All or Nothing(2)

By: Catherine Mann


“Jayne,” he rumbled right back, still clasping until the ring cut into her skin. Shifting, he tucked alongside her. “This is hardly the place for our reunion      .”

He started walking and since he still held her hand, she had no choice but to go along, past the murmuring patrons and thick carved pillars. Familiar faces broke up the mass of vacationers, but she couldn’t pause to make idle chitchat, pretending to be happy around old friends and employees.

Her husband’s casino provided a gathering place for the elite, even royalty. At last count, he owned a half dozen around the world, but the Casino de la Méditerranée had always been his favorite, as well as his primary residence. The old-world flair included antique machines and tables, even though their internal mechanisms were upgraded to state of the art.

People vacationed here to cling to tradition, dressed to the nines in Savile Row tuxedos and Christian Dior evening gowns. Diamonds and other jewels glittered, no doubt original settings from Cartier to Bvlgari. Her five-carat ring was impressive, no question, but nothing out of the ordinary at the Casino de la Méditerranée.

Her high heels clicked faster and faster against the marble tiles, her black metallic bag slipping down to her elbow in her haste. “Stop. It. Now.”

“No. Thanks.” He stopped in front of the gilded elevator, his private elevator, and thumbed the button.

“God, you’re still such a sarcastic ass.” She sighed under her breath.

“Well, damn.” He hooked an arm around her shoulders. “I’ve never heard that before. Thanks for enlightening me. I’ll take it under advisement.”

Jayne shrugged off his arm and planted her heels. “I am not going up to your suite.”

“Our penthouse apartment.” He plucked the ring from her hand and dropped it into her black bag hanging from her shoulder. “Our home.”

A home? Hardly. But she refused to argue with him here in the lobby where anyone could listen. “Fine, I need to talk to you. Alone.”

The doors slid open. He waived the elevator attendant away and led her inside, sealing them in the mirrored cubicle. “Serving the papers won’t make me sign them.”

So she’d noticed, to her intense frustration. “You can’t really intend to stay married and live apart forever.”

“Maybe I just wanted you to have the guts to talk to me in person rather than through another emissary—” his deep brown eyes crinkled at the corners “—to tell me to my face that you’re prepared to spend the rest of your life never again sharing the same bed.”

Sharing a bed again?

Not a chance.

She couldn’t trust him, and after what happened with her father? She refused to let any man fool her the way her mother had been duped—or to break her heart the way her mother had been heartbroken. “You mean sharing the same bed whenever you happen to be in town after disappearing for weeks on end. We’ve been over this a million times. I can’t sleep with a man who keeps secrets.”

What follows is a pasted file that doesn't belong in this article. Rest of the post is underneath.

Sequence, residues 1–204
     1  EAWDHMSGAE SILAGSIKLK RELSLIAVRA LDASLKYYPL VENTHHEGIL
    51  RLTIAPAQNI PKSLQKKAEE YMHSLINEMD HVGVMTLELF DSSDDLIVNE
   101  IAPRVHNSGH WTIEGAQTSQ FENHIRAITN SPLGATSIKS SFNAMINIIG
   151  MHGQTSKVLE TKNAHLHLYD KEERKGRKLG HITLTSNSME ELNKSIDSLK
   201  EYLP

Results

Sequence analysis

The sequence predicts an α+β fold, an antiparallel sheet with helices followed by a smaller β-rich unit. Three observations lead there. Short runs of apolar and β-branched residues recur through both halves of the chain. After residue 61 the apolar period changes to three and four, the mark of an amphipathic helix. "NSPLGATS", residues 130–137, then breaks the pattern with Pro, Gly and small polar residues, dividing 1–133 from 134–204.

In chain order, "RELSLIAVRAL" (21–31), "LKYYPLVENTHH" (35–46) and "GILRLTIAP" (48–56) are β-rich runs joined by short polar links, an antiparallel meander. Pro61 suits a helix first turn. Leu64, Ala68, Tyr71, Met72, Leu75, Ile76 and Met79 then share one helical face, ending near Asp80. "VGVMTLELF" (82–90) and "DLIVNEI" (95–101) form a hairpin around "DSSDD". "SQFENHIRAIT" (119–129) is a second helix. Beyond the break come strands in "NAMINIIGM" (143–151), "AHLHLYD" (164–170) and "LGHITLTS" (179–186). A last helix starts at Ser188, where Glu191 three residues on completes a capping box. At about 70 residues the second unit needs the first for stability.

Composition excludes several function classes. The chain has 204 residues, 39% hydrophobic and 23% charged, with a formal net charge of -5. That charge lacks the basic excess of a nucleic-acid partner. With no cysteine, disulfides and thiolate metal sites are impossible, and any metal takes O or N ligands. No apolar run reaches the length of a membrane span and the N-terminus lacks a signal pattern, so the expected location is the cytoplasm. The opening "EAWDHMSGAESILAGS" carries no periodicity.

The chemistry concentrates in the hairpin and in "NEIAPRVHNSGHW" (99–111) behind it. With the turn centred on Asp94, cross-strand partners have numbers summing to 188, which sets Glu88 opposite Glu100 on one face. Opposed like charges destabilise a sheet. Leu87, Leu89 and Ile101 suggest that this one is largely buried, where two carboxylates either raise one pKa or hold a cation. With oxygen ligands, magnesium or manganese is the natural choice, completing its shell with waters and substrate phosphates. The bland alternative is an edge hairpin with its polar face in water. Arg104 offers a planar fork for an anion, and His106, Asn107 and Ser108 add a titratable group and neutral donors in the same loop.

He stopped the elevator with a quick jab and faced her, the first signs of frustration stealing the smile from him. “I’ve never lied to you.”

“No. You just walk away when you don’t want to answer the question.”

He was a smart man. Too smart. He played with words as adeptly as he played with money. At only fifteen years old, he’d used his vast trust fund to manipulate the stock market. He’d put more than one crook out of business with short sales, and nearly landed himself in a juvenile detention center. His family’s influence worked the system. He’d been sentenced by a judge to attend a military reform school instead, where he hadn’t reformed in the least, only fine-tuned his ability to get his way.

God help her, she still wasn’t immune to him, a large part of why she’d kept her distance and tried to instigate the divorce from overseas. The last straw in their relationship had come when she’d had a scare with a questionable mammogram. She’d desperately needed his support, but couldn’t locate him for nearly a week, the longest seven days of her life.

Her health concerns turned out to be benign, but her fears for her marriage? One hundred percent malignant. Out of respect for what they’d shared, she’d waited for Conrad to come home. She’d given him one last chance to be honest with her. He’d fed her the same old tired line about conducting business and how she should trust him.

She’d walked out that night with only a carry-on piece of luggage. If only she’d thought to leave her rings behind then.